Plastic bags – they’re everywhere. And we are a part of the problem. In order to keep our products safe and clean until they reach your favorite store or your doorstep by post, our products have to be packed – in plastic bags.
We know that this is a major problem and we’re still wracking our brains to find a good solution. If you have one – let us know!
The best packaging is that which we simply don’t use. If it were just that easy…
We have already long done away with plastic shopping bags in VAUDE stores. If you really need a bag, you can buy a paper version.
All sales packaging for our VAUDE products have also already been eliminated wherever possible and optimized from an ecological perspective. This includes shoe boxes, all labels or cardboard hangers for gloves and other smaller items. We use recycled paper or cardboard for these and avoid the use of plastic as far as possible.
The problem is packaging for transport, above all – those vexed clear plastic bags. Each individual product is packed in one…
At the moment, we can’t just eliminate them.
vNevertheless, in 2014 we implemented a packaging guideline for our suppliers with clear instructions for maximum sizes, materials allowed and mandatory labeling that enables us to sort and recycle the packaging.
This guideline is a component of our purchasing contract and is mandatory for all VAUDE products. We monitor adherence with random testing at our warehouse.
The VAUDE Packaging Guideline is available for download here
If we were completely successful in implementing all of the “shoulds” in the guideline, we would already be a huge step ahead. These include, for example, a recycling percent of at least 30% for all plastic bags.
For technical reasons, however, this degree of recycled content means that the bags are no longer transparent, but milky. Is this a problem? We don’t know! We are currently in talks with our stores and logistics partners to find out if these bags are acceptable.
Contrary to what one might think, recycled materials are almost always more expensive than new materials. This also holds true for packaging.
Or how about re-used bags?
What do you think? Let us know! Just use the mail link on this page.
The global production of plastic has increased by a factor of 20 over the past 50 years. From the 80 million tonnes of plastic packaging produced around the world each year, a shocking 32% ends up as pollution.
The highest amount by far is in Asia. There are simply not enough regulated waste disposal systems in which plastics are collected and meaningfully recycled – if only as a fuel source for generating electricity or heat.
Even the plastic industry has recognized the problem and is looking at how it can contribute to a solution.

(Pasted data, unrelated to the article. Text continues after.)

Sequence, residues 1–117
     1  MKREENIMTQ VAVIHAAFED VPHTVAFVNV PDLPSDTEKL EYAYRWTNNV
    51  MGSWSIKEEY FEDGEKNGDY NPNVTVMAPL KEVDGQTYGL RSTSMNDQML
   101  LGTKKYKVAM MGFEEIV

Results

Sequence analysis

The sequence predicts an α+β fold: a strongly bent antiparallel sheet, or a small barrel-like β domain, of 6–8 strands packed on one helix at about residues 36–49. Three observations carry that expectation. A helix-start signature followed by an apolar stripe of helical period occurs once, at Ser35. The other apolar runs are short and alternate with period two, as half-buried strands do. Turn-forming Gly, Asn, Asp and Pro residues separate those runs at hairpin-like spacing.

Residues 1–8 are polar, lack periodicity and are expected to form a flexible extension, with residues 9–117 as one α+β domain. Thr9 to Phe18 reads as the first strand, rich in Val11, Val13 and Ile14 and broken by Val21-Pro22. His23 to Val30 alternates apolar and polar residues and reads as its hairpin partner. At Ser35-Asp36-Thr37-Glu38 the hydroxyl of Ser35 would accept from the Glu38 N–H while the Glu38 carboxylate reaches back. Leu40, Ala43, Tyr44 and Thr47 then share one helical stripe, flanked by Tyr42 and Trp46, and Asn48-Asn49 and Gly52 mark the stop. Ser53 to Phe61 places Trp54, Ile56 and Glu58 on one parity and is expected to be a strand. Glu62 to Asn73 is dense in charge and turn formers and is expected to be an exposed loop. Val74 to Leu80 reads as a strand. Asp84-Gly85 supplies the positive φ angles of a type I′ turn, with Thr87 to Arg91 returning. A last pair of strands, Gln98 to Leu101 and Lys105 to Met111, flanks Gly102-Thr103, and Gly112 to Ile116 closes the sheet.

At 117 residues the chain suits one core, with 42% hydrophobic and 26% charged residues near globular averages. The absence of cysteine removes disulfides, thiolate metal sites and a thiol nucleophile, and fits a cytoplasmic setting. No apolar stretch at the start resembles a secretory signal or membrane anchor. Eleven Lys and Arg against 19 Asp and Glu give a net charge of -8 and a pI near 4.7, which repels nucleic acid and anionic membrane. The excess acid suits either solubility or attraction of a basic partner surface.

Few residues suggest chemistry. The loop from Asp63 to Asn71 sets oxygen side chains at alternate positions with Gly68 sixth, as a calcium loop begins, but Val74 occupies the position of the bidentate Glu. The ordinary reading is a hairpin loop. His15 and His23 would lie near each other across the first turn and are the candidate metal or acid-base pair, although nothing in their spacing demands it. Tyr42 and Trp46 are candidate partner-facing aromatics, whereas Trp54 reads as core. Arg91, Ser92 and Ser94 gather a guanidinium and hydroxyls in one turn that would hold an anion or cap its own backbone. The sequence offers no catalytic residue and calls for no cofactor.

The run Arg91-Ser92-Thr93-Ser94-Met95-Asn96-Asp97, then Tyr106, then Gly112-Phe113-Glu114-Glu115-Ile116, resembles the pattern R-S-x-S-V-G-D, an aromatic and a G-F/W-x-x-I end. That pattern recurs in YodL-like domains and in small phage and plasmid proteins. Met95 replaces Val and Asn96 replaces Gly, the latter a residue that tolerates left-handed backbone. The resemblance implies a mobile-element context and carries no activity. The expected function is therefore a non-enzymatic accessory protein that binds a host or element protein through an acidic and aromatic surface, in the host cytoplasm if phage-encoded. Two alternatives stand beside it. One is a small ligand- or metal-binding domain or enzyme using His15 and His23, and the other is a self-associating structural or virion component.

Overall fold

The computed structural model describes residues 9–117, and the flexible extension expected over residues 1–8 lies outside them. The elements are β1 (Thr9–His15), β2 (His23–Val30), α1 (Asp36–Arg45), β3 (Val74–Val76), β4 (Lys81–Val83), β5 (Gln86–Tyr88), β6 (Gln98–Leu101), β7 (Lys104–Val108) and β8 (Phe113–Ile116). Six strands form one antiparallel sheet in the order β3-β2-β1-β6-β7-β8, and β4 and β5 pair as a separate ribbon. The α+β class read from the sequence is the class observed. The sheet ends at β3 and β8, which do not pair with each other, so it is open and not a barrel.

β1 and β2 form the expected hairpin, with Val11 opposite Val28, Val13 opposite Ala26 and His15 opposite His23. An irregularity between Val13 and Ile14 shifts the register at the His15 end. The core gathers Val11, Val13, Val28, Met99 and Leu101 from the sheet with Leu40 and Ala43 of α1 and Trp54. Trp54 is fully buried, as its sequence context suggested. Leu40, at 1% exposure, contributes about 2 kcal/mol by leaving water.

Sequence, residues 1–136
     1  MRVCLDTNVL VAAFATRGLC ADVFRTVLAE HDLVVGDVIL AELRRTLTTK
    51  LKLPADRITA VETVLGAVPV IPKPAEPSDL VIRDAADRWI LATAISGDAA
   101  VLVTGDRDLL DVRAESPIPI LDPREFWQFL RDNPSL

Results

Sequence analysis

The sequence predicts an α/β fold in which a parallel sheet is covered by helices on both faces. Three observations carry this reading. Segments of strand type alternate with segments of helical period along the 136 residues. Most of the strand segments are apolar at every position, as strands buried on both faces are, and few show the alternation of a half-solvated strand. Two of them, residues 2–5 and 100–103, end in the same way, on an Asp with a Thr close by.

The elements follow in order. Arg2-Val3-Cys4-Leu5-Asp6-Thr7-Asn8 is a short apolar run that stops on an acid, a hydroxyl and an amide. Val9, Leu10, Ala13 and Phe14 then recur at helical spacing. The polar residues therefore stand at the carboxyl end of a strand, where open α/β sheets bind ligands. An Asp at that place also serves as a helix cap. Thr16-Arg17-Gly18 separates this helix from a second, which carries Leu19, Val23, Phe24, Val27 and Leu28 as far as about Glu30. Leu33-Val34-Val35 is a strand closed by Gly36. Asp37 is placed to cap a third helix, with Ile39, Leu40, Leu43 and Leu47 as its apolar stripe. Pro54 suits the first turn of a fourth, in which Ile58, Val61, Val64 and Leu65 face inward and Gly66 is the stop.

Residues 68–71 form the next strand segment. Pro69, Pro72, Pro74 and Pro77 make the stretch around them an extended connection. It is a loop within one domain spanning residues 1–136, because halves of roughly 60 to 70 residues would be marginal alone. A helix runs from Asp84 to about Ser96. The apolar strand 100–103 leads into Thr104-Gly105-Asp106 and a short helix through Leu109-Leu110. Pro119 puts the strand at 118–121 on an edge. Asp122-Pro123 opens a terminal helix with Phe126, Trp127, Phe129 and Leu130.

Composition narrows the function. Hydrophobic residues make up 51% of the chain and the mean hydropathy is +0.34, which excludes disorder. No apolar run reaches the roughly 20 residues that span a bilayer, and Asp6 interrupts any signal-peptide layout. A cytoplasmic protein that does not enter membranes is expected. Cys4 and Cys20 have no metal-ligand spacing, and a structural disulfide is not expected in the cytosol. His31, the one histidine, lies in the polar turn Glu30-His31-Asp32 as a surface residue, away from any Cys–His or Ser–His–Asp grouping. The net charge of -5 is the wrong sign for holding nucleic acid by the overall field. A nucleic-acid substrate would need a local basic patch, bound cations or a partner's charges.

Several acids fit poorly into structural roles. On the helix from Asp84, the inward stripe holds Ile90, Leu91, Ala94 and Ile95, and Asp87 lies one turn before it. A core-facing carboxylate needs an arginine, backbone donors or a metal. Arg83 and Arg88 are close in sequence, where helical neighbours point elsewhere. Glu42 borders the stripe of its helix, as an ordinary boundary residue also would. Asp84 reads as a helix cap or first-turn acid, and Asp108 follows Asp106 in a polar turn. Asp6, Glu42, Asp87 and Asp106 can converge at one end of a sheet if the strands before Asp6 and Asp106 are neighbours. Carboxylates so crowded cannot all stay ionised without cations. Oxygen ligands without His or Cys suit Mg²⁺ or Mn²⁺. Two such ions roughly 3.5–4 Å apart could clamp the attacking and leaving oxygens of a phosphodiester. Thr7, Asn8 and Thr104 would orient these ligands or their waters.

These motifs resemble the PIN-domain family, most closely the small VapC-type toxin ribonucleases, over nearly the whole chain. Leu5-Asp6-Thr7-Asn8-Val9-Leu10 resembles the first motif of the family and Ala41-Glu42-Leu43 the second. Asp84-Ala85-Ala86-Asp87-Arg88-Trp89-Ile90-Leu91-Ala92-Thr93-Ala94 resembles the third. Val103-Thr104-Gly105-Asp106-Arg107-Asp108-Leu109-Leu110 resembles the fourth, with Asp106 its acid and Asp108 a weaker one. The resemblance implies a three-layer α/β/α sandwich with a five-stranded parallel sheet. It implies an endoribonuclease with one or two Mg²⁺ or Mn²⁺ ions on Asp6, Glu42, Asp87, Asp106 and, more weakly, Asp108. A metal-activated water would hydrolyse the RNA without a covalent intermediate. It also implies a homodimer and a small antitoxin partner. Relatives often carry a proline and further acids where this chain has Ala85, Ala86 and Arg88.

We’re working together with the WWF and the Federal Association of German Sports Article Industry to reduce the use of plastic packaging and, ideally, to eliminate it altogether. Furthermore, we also want to raise the awareness of our suppliers in Asia of the problem and work with them and the WWF together to find tangible solutions for collecting and recycling plastic on site.
Transport packaging for delivery of VAUDE products to retailers (identified as newly procured materials, inventory adjusted)
Cardboard, no less than 75% recycled paper
Sales packaging for products manufactured at our Obereisenbach location (identified from newly procured materials, inventory-adjusted)
No data available
Sales packaging for all other VAUDE products (determined according to the packing ordinance on the basis of the consumption according to the piece list and estimated)
Paper, cardboard and cardboard packaging
Plastics / foils
Natural materials such as cotton cords, etc.
Biodegradable bio-plastics would be sensational for packaging: all the advantages that plastic bags offer for protection and cleanliness, but without the problem of non-decomposable pollution. You can read about the conflicts and problems here
We avoid the use of "compostable" plastics on the recommendation of the German Federal Environment Agency (Umweltbundesamt) for disposable items such as packaging. Although these are theoretically biodegradable, they don’t actually decompose under normal conditions but only under industrial composting conditions with high temperatures and without an oxygen supply.
They are also problematic for biogas production. In most cases, they decompose much slower than organic waste and end up causing blockages at conventional biogas plants where they have to be carefully removed from the compost and disposed of.
In addition, with the current state of technology, they still require more energy to produce than new plastics. A high proportion of recycled material would therefore be the most environmentally friendly solution.
As a cooperation partner of the WWF Germany, we would like to pass on their recommendations:
»The textile industry carries an enormous responsibility as one of the major contributors to environmental pollution with plastic packaging. We are taking our cooperation partner VAUDE up on its promise and are working together on ideas to curb the problem, above all in the textile supply chain in Asia.«